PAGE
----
“I like the idea of the documentary as a portrait. There’s not a chronological beginning, middle, and end structure. You build something in the editing room that’s shaped by getting to know the person and digging deeper, unpeeling the layers of them as you get to know them.” – – – Spike Jonze
Side by Side (2012) Christopher Kenneally
Despite being around for over an hundred years now, filmmaking is still a very young art form, but it is one that is still changing and adapting as technology advances. The question is whether it is changing for better, or for worse. As narrator Keanu Reeves puts it, “Since the late 1880s, visual artists and storytellers have used moving images to create amazing works. Movies have inspired us, thrilled us, and captured our imaginations… It is only recently that new technology has emerged that is challenging film’s place as the gold standard for quality and workflow. Digital technology is evolving to a point that may very well replace film as the primary means of creating and sharing motion pictures.”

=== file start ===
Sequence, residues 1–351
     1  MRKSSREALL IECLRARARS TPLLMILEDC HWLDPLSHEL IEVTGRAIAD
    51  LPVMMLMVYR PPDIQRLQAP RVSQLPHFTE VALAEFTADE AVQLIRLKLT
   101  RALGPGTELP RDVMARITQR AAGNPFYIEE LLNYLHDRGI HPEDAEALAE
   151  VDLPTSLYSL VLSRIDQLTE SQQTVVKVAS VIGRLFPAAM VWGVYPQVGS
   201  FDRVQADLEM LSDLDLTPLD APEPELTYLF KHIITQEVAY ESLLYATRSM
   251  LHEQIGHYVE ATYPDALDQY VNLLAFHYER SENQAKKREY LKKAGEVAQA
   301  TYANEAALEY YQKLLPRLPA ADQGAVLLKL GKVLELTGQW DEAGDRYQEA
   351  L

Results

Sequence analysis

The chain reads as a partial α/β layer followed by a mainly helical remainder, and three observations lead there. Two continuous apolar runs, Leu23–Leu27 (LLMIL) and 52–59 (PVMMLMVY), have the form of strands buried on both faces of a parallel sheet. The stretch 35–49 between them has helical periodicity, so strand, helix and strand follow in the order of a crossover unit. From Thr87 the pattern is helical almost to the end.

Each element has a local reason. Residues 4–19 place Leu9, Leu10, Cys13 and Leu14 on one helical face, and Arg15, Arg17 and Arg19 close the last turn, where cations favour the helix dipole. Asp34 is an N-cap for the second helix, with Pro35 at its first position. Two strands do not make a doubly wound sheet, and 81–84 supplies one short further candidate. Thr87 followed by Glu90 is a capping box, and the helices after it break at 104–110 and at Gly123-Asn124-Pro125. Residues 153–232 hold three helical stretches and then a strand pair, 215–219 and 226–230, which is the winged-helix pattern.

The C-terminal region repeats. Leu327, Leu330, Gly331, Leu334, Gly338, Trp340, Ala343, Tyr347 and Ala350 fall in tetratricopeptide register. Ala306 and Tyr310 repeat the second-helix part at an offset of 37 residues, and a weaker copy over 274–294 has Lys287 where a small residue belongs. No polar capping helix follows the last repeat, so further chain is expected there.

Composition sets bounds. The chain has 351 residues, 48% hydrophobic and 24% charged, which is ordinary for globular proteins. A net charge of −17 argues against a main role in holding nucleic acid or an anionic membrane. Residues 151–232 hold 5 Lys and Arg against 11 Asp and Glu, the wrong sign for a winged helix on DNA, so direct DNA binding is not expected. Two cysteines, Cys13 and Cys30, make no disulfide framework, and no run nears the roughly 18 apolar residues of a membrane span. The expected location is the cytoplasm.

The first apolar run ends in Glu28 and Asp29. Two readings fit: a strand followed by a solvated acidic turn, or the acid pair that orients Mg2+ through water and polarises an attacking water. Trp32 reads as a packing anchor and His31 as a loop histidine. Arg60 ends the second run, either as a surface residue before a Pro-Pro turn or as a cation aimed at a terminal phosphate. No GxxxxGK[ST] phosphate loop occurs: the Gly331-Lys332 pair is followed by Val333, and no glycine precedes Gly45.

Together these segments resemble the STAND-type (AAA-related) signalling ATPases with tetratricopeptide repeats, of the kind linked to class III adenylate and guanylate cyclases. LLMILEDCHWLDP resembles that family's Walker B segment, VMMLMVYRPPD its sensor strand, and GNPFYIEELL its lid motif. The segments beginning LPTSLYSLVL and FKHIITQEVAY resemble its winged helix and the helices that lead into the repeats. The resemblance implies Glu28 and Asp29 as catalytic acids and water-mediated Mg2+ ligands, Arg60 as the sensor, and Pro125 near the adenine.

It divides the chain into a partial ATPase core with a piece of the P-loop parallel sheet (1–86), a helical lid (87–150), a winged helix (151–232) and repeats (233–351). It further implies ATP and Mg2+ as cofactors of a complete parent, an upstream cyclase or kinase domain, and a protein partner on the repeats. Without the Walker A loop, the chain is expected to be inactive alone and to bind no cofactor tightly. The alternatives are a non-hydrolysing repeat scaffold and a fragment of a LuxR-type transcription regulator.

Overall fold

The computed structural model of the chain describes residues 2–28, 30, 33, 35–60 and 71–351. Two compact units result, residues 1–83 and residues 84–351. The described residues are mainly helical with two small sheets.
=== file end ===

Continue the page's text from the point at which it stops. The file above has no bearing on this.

Side by Side investigates the history, process and workflow of both digital and photochemical film creation. It brings to light just what artists and filmmakers have been able to accomplish with both film and digital, with a range of different filmmakers being interviewed from the likes of Christopher Nolan to Martin Scorsese. Through various interviews with directors, cinematographers, colorists, scientists, engineers and artists we discover their experiences and feelings about working with film and digital, and see that it’s not as black and white as we may think initially. While some are relieved that they can view the footage on set before waiting for the dailies to be created, others are less convinced, as Joel Schumacher jokingly comments, he is “convinced that everybody is just looking at their hair.” This is a must-see for every cinephile out there, and it will leave you wondering whether we are now missing something special about cinema as we move into digital and leave the celluloid film in the trash can. I know where I stand on the debate, but what about you? – – – – – Bianca Garner
Finding Vivian Maier (2013) John Maloof, Charlie Siskel